Raglan Road turn-off
Crossing the street to avoid the end of Patrick Kavanagh’s famous love-song
‘After that elegiac opening, wherein Patrick Kavanagh doesn’t put a foot wrong, he trips heavily off the ledge in verse three and, struggling to find his feet, puts a size-12 boot through the lyricism.’
I’m delighted for Michael Harding (Life, April 2nd) that the song Raglan Road has always served him well with women. And I enjoyed a special thrill at his revelation that he once sang it to an appreciative group of “undergraduate feminists”. It is a very popular ballad. But all I can suggest is that his female audiences, general and particular, mustn’t have been listening to the words.
I half-love Raglan Road myself. Or to be more exact, I love half of it: the first half, with its poetic descent into love and winter, circa 1944. The lyric leads us gently from “Raglan Road on an autumn day” to “Grafton Street, in November”, via several evocative images in which the inspired author trips lightly along the ledge between poetry and popular song.
I dare claim a special affinity with certain lines. As a twentysomething, I lived near Raglan Road for a time, haunted by women with dark hair. And Grafton Street was even more familiar. I remember sitting wistfully in Bewley’s once, a little lost in my first summer out of Monaghan, and realising I shared with Patrick Kavanagh an understanding granted to few other mortals of the lyric “the Queen of Hearts still making tarts/and I not making hay”.
But after that elegiac opening, wherein the poet doesn’t put a foot wrong, he trips heavily off the ledge in verse three and, struggling to find his feet, puts a size-12 boot through the lyricism. No matter how many times I hear this verse, it still makes me cringe as, first, he speaks of imparting to his beloved secrets “known to the artists who have known . . .” Sure, repetition can be good sometimes. But not here. There is just no excuse for those two “knowns”, especially from a poet claiming familiarity with Mount Olympus.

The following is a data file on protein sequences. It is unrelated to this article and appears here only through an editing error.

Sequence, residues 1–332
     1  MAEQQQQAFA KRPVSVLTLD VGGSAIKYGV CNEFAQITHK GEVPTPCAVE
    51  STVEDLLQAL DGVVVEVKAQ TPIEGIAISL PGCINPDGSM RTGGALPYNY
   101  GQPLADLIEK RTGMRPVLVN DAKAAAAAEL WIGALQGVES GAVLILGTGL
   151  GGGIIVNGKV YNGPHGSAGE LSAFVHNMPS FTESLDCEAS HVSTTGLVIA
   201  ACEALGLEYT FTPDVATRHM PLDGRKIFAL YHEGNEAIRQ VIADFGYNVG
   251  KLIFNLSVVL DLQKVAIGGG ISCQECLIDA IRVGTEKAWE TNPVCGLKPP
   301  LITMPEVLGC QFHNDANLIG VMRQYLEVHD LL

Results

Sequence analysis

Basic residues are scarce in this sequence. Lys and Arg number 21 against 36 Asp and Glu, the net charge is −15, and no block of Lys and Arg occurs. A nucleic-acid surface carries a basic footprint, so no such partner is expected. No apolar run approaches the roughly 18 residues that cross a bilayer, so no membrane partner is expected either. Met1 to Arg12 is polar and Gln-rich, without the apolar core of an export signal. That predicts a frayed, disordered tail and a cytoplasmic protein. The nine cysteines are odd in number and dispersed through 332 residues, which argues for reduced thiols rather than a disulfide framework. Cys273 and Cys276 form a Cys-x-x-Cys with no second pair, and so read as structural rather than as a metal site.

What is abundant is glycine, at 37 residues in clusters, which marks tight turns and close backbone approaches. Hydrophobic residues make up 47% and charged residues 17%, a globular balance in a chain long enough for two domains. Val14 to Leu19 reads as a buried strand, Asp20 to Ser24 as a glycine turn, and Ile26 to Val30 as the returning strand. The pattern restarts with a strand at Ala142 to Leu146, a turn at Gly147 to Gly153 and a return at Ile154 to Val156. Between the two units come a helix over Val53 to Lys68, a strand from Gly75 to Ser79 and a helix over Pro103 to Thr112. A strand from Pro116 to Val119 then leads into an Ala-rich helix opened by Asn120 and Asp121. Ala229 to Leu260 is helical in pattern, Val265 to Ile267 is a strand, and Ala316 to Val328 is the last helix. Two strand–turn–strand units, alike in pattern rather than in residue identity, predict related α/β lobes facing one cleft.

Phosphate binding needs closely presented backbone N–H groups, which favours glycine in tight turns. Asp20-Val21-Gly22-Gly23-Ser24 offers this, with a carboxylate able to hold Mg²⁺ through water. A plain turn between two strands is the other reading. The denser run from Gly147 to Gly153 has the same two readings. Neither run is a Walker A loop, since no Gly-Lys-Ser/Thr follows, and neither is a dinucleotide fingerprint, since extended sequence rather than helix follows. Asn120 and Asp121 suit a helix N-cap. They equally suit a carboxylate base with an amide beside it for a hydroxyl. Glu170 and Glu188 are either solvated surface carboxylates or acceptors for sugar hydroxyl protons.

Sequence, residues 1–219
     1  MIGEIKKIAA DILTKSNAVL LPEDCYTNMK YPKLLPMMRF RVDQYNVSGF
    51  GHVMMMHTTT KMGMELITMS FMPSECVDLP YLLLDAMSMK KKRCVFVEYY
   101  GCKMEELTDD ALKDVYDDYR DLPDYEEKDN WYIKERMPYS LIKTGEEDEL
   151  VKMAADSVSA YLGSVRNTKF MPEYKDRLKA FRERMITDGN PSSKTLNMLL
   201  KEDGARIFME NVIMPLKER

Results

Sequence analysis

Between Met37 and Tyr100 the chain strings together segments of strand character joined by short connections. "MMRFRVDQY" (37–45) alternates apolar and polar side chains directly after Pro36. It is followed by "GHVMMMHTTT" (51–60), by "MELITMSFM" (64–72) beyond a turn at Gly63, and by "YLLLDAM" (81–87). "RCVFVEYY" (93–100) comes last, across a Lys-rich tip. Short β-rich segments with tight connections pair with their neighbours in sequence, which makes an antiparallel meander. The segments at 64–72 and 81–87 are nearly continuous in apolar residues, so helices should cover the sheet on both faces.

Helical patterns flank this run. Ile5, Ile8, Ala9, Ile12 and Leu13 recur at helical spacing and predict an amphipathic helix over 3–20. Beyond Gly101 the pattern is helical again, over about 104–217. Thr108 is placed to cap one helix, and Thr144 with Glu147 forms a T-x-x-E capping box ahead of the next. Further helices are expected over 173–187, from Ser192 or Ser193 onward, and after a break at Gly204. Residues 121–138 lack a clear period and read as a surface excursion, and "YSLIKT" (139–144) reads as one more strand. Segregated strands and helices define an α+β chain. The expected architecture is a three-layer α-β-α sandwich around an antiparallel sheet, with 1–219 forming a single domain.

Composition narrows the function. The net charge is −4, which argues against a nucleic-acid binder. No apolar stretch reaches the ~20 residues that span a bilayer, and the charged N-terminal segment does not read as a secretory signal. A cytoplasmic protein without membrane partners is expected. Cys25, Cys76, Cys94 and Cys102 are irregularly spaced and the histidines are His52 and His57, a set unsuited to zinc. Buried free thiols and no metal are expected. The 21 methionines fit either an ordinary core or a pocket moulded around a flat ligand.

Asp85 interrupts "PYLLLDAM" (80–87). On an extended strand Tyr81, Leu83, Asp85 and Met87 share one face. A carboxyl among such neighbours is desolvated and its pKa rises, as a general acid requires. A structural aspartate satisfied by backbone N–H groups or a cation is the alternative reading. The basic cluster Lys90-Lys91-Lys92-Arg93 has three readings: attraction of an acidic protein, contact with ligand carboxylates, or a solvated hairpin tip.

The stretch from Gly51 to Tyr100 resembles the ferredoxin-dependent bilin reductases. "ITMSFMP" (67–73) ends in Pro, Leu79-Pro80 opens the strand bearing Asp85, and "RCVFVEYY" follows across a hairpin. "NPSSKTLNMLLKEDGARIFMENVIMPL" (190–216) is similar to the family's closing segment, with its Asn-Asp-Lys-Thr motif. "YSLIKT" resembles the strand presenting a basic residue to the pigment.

And worse follows immediately, with the appalling construction – describing another of the poet’s supposed gifts: “word and tint, I did not stint”. Ugh. I’m not sure what “tint” even means there. But choosing it, and then having to find a rhyme for it from the unlovely alternatives, is a crime against poetry. At the very least, the culprit should have had his Mount Olympus visitor visa temporarily revoked.
Those objections are merely aesthetic, however. The real reason why Raglan Road should fail as a song of seduction, having been hinted from the start, are fully unveiled in verse four. For here we learn that the song’s true love object is the artist himself, portrayed as a fallen angel who, spurned by a “creature made of clay”, now realises he has suffered a greater loss than she could ever be: his wings.
Only a poet could get away with this, surely. But if I were an earth-bound female, not even a poet would be safe trying that verse on me. Assuming my clayey feet were too brittle to kick the angel out the door, he would have his feathers plucked there and then, without waiting for moulting season.
It’s well known the real-life earthling described in the song was one Hilda Moriarty, who entertained the poet’s attentions for a while before rejecting him in favour of a future government minister, Donogh O’Malley. Famously beautiful, she was also highly intelligent and by all accounts might have been a writer herself had not her father, a Kerry doctor, insisted on a medical career.
Twice her age, Kavanagh confessed to having it “bad” for the student and once even followed her home to Dingle for Christmas. That must have made for a tense situation. As Kavanagh’s biographer Antoinette Quinn put it: “A down-at-heel, middle-aged, out-of-work journalist from a small farm in Monaghan was not the kind of match Dr Paddy Moriarty envisaged for the beautiful, clever daughter he adored and spoiled with smart clothes and expensive jewellery”.
But her old man needn’t have worried. She chose a marriage more in keeping with her station. And the heartbreak this caused Kavanagh resulted – Raglan Road aside – in a series of laments, not all poetic. Probably the most pithy (and petty) was when he met her after her engagement and noted that the long tresses in which he and others had been ensnared were now tied up. Their work, he implied, was done.
It is, of course, unfair to judge a writer by his real-life reaction to romantic disappointment. And in fact, Kavanagh’s infatuation with Hilda also produced one of his best and happiest poems, Bluebells for Love . But it’s a testament both to the power of music and to the impotence of mere words that Raglan Road remains so popular, even with women, while Bluebells for Love is still almost completely unknown.